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Cry for Breath: A Case of Pneumonia in the Newborn

Updated on January 6, 2016
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Louis is a practicing physician who writes on various health topics. He focuses on case studies of patients and unusual complications.

When one sees a newborn child for the first-time, only a very few souls are about to resist the urge to quickly jump on it. The most instinctive reaction is to hug and snuggle the poor bastard until he/she struggles to be released from the loving arms of their close relatives, friends, and family members. In the process, the unwary adults are exposing the neonate with significant risks to develop all forms of infection. Many consider newborns as small fragile human beings who are very vulnerable to their environment. True enough, they can be considered as small adults who are nearly a little bit too unready to face the world they have been just put into. Among the most notorious culprits targeting the newborn’s developing (and incapable) immune system are the infections in which adults, usually carelessly, expose them into. Atop the list of this infections is the Neonatal Pneumonia.

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The Cry Baby

Here is a case of Baby R., a five day old male neonate who initially presented for consultation for excessive crying.The parents reported that the infant has been crying incessantly over a span of 12-18 hours with only a few short breaks just after they were sent home from the birthing clinic. He is the third child of the of his parents; the couple expressed that they were quite contented that the delivery and birthing process went well. They were not first-time parents and were capable to identifying common causes of infant cry, but even after their usual troubleshooting the patient was still continuously showing signs of crying. It was noted that certainly, something was wrong with the child since he acted strangely just recently and was well during their stay the hospital.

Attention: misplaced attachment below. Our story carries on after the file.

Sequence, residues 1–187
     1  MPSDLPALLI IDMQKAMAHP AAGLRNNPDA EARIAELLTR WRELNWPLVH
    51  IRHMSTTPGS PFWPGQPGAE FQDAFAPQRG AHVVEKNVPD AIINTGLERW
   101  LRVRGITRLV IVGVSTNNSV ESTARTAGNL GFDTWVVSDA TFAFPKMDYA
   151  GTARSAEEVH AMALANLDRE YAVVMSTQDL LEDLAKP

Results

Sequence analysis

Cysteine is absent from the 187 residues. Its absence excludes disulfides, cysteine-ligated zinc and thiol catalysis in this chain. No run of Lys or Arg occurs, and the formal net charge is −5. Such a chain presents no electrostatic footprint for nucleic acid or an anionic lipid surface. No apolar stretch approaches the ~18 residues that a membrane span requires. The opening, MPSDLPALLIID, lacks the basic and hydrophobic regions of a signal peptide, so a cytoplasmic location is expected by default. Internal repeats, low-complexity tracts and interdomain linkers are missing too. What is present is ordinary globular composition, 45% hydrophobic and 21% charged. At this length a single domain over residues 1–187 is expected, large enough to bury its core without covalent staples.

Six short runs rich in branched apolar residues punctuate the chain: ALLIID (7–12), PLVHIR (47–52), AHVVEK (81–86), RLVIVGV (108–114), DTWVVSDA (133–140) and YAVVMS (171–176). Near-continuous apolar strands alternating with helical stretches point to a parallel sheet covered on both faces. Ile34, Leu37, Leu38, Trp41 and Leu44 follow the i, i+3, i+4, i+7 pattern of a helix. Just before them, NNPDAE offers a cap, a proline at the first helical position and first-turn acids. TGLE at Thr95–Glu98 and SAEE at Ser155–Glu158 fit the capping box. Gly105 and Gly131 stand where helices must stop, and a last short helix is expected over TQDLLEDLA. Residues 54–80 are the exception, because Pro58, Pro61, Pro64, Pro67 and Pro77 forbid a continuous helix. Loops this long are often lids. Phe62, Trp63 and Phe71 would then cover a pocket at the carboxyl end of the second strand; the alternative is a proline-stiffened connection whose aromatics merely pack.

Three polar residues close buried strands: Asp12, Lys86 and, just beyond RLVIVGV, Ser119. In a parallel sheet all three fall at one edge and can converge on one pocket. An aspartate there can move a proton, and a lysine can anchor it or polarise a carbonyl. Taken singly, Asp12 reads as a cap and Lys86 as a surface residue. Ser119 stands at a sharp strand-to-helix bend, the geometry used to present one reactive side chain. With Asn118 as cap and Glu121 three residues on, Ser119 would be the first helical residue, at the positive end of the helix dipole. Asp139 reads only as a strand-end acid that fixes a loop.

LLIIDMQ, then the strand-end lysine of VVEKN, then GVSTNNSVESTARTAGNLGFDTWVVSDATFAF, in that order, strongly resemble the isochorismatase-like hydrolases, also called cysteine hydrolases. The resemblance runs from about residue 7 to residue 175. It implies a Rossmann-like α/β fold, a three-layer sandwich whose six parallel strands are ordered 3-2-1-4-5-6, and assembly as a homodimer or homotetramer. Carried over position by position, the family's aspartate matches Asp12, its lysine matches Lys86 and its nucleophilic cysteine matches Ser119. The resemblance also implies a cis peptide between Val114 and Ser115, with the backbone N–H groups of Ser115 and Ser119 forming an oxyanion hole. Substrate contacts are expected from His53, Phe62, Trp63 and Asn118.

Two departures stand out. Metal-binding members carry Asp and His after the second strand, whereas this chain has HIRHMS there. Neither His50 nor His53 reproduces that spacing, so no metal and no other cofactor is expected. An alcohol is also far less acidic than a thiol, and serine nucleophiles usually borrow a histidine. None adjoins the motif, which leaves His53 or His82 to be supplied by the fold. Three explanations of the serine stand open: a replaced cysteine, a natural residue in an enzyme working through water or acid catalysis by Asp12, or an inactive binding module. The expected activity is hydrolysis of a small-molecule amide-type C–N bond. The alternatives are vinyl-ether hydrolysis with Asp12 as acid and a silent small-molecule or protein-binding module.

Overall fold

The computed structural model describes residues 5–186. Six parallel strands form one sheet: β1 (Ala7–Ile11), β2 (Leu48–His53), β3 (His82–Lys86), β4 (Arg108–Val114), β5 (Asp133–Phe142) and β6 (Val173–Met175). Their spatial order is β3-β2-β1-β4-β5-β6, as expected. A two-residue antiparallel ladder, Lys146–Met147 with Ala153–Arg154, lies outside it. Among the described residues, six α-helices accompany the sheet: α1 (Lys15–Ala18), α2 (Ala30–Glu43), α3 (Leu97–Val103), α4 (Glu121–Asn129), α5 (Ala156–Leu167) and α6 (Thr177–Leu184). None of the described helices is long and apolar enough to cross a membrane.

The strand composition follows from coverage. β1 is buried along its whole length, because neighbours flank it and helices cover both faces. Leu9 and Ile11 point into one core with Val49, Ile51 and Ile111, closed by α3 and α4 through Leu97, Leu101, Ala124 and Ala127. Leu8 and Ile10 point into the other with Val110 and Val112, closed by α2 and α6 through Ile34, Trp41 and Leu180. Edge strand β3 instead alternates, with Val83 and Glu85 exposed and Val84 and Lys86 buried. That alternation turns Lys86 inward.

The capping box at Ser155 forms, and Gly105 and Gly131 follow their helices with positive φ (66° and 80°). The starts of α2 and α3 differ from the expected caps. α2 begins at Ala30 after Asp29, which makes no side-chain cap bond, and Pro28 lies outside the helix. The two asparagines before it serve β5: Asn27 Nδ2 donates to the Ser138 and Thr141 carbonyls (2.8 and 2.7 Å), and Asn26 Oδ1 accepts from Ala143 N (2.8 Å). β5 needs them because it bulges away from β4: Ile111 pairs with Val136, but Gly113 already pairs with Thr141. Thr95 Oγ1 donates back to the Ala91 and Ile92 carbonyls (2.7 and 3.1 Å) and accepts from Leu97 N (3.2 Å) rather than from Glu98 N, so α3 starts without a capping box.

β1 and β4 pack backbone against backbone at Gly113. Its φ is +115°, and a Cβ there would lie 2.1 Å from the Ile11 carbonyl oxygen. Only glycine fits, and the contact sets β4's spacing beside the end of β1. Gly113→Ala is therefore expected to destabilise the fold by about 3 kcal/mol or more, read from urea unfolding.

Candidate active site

Upon examination, it was seen that the patient had a small elevation in body temperature and, a normal heart rate, and a slightly elevated respiratory rate. He was able to breastfeed well, with good sucking. There was slight pale discoloration around the lips; the chest was also slightly showing signs of in-drawing. Aside from this, the rest of the physical examination was unremarkable.

Disambiguation and Delineation of the Presentation

First things first, the terms neonates, infants, and newborns should be given delineation. Medically speaking, neonates are those who are less than a month of age, while infants are those less than a year of age: hence, neonates are considered as a subset of infants, but with special needs of their own. Newborns is a colloquial term which encompass vague identification for children ranging at these ages.

The initial presentation of the patient was excessive crying early less than 48 hours after birth. Aside from a preliminary period of apnea (period without breathing) during the time of birthing, the patient’s manifestations were unremarkable. The mother reported that the patient had good sucking and was able to breastfeed adequately. There was no jaundice (yellowish discoloration of the skin), meconium stain (passage of infant’s first stool to the amniotic fluid), or respiratory distress upon birth.